[Overlook Review] 'Still/Born' Fails to Capitalize on its Own Commentary - Bloody Disgusting
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[Overlook Review] ‘Still/Born’ Fails to Capitalize on its Own Commentary



As long as there’s been men and medicine, women have been prone to accusations of hysteria. Undoubtedly, mental illness exists, and some of the people who have to live with it are females, but throughout history there has always been the idea that girls should ‘act like ladies’, which is code for chicks should act calm and submissive and never raise their voice or act in any way that society has deemed inappropriate for their sex. The thinking that women should reel in their emotions and keep their complaints to a bare minimum so as not to be labeled hysterical is what stands out as Still/Born’s strong suit. The rest of the film, however, isn’t quite as accomplished.

It all starts in the labor room as young couple Mary (Christie Burke) and Jack (Jesse Moss) try to bring two tiny children into the world. The first child, Adam, comes easy, and these brand new parents couldn’t be prouder. Jack squeezes Mary’s hand and smiles, and she beams back at him like he’s the greatest thing in the world. However, when it comes time to deliver the second baby, a quick devastated glance from the nurse lets Mary know that the little boy she’s been trying so hard to give a good life won’t even get to see the crib that’s waiting for him back at home. Full of mixed emotions over simultaneously gaining and losing a child at the same time, Mary sulks around her and Jack’s big new house in upper-class suburbia. Jack attempts to console his wife, but to no avail, and before they both know it, Mary is slipping off the deep end – or is she?

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Immediately following the loss of their son Thomas, Jack starts noticing some changes in Mary. She clearly still loves their son Adam, but her grief over losing their other unborn child is consuming what little happiness she still has left in her. Hearing demonic voices on the baby monitor, hallucinating winged creatures looming over Adam’s crib, conjuring up a mythical creature who she has come to believe is out to steal her son – postpartum depression has Mary by the throat, and it’s tightening its grip just a little bit more every single day. Of course, to Mary, the only thing more petrifying than the thoughts inside of her head is letting the people around her know just how bad her melancholy has gotten. It’s one thing for a woman to experience the effects of giving birth to a lifeless child, but it is quite another to make her husband and her therapist aware of her state of mind. Better she hides her despair from the men in her life, lest their take her kid away and lock her up in the looney bin. It’s a really fascinating commentary on PPD, especially given the dynamic of Mary dealing with giving birth to one baby and losing another at the same time – it’s too bad that director Brandon Christensen doesn’t even realize what he has right in front of him.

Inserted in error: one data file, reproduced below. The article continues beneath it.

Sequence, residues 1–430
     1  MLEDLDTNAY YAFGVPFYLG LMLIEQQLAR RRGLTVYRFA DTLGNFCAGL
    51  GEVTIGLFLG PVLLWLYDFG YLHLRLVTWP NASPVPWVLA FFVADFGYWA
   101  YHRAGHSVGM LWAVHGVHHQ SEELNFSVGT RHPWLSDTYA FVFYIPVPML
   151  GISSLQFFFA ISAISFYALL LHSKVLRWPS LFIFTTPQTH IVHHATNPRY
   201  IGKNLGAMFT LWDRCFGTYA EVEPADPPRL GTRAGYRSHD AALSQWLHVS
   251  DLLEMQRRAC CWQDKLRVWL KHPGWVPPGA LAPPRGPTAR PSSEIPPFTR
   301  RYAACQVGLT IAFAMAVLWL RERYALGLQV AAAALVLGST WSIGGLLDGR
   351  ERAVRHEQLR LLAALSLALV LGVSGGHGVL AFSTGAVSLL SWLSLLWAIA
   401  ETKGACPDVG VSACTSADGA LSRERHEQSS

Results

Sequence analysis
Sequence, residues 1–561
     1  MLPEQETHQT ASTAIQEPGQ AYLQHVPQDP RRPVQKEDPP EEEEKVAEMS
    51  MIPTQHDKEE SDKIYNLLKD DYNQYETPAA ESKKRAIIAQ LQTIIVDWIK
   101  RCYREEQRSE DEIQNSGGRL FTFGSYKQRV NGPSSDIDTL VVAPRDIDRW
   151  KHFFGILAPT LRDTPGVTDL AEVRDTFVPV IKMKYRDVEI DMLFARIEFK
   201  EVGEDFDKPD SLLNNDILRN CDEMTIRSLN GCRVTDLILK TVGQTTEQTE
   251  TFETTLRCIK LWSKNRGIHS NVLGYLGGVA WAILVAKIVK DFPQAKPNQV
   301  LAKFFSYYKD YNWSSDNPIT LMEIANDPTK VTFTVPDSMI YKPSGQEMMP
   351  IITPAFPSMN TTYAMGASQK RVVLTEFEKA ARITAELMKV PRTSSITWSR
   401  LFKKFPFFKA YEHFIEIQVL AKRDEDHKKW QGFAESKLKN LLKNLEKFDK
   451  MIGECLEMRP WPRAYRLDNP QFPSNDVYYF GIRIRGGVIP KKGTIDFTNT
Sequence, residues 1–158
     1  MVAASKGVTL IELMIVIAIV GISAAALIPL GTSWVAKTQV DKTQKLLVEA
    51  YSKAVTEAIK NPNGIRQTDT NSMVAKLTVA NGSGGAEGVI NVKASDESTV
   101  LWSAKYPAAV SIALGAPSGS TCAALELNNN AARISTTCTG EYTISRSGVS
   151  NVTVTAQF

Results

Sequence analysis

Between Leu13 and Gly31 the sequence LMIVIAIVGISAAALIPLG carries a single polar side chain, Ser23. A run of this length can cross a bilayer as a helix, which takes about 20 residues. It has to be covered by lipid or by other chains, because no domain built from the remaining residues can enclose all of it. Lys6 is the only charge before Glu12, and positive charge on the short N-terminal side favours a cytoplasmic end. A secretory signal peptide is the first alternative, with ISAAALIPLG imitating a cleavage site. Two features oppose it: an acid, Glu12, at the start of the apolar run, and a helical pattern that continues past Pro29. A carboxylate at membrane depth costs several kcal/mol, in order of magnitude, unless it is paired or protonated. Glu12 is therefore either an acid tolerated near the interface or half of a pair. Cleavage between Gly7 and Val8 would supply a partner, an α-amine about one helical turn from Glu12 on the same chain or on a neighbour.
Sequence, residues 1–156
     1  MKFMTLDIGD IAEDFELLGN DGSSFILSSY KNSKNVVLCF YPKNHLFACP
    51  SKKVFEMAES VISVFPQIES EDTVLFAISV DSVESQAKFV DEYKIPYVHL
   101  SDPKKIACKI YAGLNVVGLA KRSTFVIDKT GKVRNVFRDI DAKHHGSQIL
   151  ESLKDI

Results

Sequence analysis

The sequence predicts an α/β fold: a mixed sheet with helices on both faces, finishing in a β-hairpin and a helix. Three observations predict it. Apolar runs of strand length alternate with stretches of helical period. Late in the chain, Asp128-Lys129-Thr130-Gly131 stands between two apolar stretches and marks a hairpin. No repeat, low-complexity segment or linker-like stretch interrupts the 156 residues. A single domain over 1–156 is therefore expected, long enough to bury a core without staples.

Christensen is more concerned with the creature. Just like the biggest scary baby movie of them all, Roman Polanski’s Rosemary’s Baby, Christensen bounces back and forth between showing Mary’s perspective, which suggests that the demon terrorizing her home (called Lamashtu) is real, and the perspective of her husband and her doctor, which shows that she’s clearly losing her mind and imagining things that aren’t really there because she can’t deal with her grief. However, this is where the film starts to become a little messy. Christensen becomes so preoccupied with separating himself from his influential predecessor that he pours all of his focus into the wrong element of his own movie.

There is some good stuff here. Christensen does manage to pull off some frightening sequences that will make most audiences jump, and whether or not it was entirely intentional, he does spark a unique and intriguing conversation about the tendency to label women as hysterical whenever they start to show emotion after a traumatic event. Still/Born is a decent little movie about pregnancy terror, it’s just that it could have been so much more.


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